According to the Canadian Infectious Disease Society, there has been an increase in the resistance of many kinds of bacteria, including Streptococcus pneumoniae, the most common cause of bacterial sinus and ear infections, pneumonia, and meningitis. In the past, this organism was very sensitive to penicillin, but that has changed quite dramatically over a short period of time. For example, in 1988, resistance to Streptococcus pneumoniae was less than 3%. By 1994 it had increased to 8%, and by 1998 resistance rates had climbed to just under 15%.
But the news is not all bad. Since 1998, resistance rates for Streptococcus pneumoniae have leveled off, which means that Canada has been more successful at fighting antibiotic resistance than many other parts of the world, including the United States.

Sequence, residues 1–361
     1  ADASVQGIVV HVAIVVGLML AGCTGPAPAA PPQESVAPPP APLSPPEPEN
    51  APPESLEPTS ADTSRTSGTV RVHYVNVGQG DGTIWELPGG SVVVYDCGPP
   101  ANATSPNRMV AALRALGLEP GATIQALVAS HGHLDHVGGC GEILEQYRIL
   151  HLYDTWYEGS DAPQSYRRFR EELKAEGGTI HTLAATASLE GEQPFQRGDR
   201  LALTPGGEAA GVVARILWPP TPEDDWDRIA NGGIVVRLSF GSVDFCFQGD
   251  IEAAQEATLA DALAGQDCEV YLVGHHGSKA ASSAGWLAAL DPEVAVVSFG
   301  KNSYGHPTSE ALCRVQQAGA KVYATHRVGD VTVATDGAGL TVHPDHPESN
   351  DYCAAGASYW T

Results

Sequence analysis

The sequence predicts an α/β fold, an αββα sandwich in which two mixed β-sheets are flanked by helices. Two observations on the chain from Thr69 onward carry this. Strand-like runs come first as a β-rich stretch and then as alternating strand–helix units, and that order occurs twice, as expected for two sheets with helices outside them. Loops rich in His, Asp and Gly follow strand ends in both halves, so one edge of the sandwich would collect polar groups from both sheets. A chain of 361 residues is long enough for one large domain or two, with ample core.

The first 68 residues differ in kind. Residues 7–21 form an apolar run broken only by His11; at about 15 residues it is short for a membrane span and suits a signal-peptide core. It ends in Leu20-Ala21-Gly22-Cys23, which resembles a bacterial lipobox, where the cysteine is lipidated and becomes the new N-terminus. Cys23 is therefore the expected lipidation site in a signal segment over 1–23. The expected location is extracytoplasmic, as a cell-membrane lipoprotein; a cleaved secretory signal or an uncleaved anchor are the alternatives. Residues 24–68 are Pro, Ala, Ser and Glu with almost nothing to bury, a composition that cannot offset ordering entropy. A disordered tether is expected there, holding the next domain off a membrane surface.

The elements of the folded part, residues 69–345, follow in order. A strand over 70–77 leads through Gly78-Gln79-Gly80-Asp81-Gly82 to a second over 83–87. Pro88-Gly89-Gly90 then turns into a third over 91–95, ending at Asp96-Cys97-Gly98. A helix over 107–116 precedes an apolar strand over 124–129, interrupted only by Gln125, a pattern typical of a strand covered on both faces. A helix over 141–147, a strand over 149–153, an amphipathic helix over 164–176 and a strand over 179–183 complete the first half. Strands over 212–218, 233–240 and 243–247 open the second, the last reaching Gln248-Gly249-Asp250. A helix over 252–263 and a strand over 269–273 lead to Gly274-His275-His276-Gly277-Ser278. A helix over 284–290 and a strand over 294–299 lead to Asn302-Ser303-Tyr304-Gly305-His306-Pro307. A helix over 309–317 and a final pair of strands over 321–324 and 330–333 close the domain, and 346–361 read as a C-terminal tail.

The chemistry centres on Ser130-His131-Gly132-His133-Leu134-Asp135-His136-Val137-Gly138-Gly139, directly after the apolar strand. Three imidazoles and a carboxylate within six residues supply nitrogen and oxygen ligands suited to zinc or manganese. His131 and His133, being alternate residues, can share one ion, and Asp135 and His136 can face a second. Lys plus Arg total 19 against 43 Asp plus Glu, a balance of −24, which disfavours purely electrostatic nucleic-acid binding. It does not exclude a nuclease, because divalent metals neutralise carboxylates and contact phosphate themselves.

One way that resistance develops is that changes in bacterial genes have allowed bacteria to alter the specific target that the antibiotic is aimed at so it is no longer recognized. Another way is that bacteria have acquired the ability to pump the antibiotic out of the bacteria cell.
Infectious disease specialists say resistance rates can be used locally to help doctors decide which antibiotics to prescribe. For example, if you live in an area with low resistance to a particular antibiotic, your doctor will probably decide it is safe to prescribe that particular antibiotic. If you live in an area with high resistance rates to a particular antibiotic, then your doctor will likely choose a different antibiotic so that the rates of resistance don't increase even more.
But your doctor needs your help. Remember to carefully follow instructions when taking antibiotics, because you can play an important role in helping to reduce antibiotic resistance.